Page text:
I do a lot of things right in terms of my current lifestyle. I generally go to bed at a decent hour, and get up about 7 hours later. I exercise nearly every day, and I drink a lot of water. I don't drink alcohol which helps, and I gave up soda pop (regular and diet) so that has not been the issue. Fast food, thankfully, is not a temptation for me. I don't eat huge meals and I don't tend to go for seconds. What I DO do, however, is behave like a lunatic around sugar, especially at parties. I am going to a lot of parties these days because it is graduation season, and I have a son who is going to graduate. Macaroni salad, potato salad, burgers and hot dogs, even potato chips, are safe when I am around. I won't throw an elbow trying to grab the last of the ranch dip and big pots of chili don't make me want to swoon. Cupcakes, though? Let's just say I need a Sparkbuddy to follow me to parties and when I approach the desserts table, they need to make like a SWAT team member with a megaphone "BACK AWAY FROM THE CUPCAKES" - "STEP AWAY FROM THE COOKIES" "PUT YOUR HANDS UP WHERE WE CAN SEE THEM (and they better not be holding slabs of cake)".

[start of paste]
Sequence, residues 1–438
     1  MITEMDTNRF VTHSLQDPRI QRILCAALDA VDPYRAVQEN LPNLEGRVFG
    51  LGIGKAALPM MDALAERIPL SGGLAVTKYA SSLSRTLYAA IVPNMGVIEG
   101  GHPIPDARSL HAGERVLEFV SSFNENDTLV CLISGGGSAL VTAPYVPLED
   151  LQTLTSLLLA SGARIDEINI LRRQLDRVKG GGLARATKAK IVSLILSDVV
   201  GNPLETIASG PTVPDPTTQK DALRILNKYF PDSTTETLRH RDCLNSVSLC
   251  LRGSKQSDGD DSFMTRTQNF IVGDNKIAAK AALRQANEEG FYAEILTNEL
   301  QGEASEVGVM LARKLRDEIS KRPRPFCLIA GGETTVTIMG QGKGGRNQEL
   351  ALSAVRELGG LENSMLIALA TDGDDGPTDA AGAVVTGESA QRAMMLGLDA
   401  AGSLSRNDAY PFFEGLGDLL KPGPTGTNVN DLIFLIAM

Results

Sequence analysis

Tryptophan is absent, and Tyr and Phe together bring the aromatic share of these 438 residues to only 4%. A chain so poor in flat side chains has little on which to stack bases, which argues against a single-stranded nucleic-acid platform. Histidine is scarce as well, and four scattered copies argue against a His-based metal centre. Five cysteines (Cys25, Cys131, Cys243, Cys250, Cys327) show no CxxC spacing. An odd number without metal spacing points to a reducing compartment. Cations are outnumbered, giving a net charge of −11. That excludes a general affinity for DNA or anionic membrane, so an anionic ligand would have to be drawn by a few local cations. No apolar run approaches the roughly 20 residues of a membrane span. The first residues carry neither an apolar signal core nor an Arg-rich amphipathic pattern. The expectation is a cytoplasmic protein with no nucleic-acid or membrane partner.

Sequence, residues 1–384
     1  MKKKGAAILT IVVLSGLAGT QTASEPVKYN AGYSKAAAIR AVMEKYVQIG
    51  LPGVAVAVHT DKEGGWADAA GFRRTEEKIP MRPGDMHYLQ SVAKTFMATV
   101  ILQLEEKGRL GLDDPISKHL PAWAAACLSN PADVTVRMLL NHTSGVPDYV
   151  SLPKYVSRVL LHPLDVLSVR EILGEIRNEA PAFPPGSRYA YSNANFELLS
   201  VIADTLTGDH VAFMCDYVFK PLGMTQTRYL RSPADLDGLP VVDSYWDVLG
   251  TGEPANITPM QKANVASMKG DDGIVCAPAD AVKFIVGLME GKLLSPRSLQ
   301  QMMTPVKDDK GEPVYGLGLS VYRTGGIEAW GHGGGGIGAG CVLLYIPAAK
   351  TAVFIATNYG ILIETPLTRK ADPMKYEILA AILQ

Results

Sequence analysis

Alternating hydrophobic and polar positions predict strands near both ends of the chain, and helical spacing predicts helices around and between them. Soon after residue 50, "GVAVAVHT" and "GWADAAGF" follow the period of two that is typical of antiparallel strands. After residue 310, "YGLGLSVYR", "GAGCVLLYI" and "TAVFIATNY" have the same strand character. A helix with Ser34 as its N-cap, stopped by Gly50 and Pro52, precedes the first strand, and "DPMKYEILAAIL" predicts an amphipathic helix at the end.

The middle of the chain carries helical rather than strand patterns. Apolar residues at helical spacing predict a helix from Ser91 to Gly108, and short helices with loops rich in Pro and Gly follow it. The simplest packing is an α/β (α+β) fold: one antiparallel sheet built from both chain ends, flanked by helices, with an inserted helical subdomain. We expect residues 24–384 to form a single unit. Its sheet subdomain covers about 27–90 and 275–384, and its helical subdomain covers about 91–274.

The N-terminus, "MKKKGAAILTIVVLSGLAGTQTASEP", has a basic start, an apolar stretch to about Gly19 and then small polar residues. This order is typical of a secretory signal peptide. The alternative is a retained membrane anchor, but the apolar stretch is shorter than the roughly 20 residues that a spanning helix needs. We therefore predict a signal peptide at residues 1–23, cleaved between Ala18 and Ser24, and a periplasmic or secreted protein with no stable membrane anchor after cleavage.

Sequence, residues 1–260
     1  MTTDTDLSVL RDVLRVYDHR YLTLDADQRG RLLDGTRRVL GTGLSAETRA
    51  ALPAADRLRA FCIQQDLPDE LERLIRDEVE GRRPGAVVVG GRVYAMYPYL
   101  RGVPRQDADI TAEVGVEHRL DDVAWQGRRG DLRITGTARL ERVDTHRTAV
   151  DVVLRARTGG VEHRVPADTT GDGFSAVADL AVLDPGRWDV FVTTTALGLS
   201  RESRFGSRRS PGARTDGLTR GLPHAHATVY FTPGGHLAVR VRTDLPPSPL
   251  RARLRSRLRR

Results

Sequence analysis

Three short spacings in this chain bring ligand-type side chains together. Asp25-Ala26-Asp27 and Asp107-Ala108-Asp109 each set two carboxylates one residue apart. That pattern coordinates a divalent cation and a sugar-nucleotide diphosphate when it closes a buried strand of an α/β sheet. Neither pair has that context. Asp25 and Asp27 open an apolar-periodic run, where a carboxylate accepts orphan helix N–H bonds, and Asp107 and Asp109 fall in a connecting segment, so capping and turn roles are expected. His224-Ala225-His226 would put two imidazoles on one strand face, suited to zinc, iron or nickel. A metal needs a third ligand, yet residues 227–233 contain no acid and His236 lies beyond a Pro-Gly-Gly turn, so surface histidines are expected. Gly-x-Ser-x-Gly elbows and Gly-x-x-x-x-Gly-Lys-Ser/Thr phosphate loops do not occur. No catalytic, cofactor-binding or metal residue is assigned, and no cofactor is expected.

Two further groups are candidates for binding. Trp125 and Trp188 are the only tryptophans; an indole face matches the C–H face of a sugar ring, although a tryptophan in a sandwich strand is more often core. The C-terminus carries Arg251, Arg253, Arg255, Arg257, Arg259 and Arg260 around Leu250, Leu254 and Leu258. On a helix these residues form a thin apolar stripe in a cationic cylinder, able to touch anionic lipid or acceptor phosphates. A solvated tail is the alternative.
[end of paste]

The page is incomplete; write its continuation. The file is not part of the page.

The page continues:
After behaving like a lunatic around sugar on Saturday, and then doing better (but still not very well) on Sunday, today I was moping around, hearing all the old excuses starting up, blah blah blah and I found myself avoiding the things I need to do that are causing me anxiety by avoiding them until finally, the voice of reason, said "ENOUGH ALREADY". Get up, get busy, get moving. So, I did. I ate some food my body needed, I drank a lot of water, I did some organizing, I did some housework, I did some laundry, and I went for a run. I made sure my 7 y.o. and my dog got some exercise and fresh air, as well. And, guess what, the excuses melted away. I read a couple good blogs (thank you bloggers and those of you who comment on blogs - it really helps), I read a great e-mail from a dear Sparkfriend. I began to do the things that got me to the "half-way house" in the first place, and that will get me paroled - I have done my time, I have spent enough time being punished by fat, and feeling punished for being fat, and for getting fat, and for staying fat. I can choose which direction I am heading. Thanks to the wonderful SParkfriends who blog so honestly and eloquently about their battle out of the morbid obesity prison, I have a better understanding of what it is like to spend time there and I am not tough enough to handle it. For me to be morbidly obese, I would need to weigh about 250 lbs, basically. Everyone who weighs 250 lbs spent time at 167, or 193, on their way up. They got there pretty much the same way I got to my highest weight - one bite at a time, one choice at a time, hour by hour, day by day. I understand the temptations and the pitfalls, the pain and the anxiety - I feel compassion for anyone who struggles with food and weight. Change is not easy but it can be very freeing.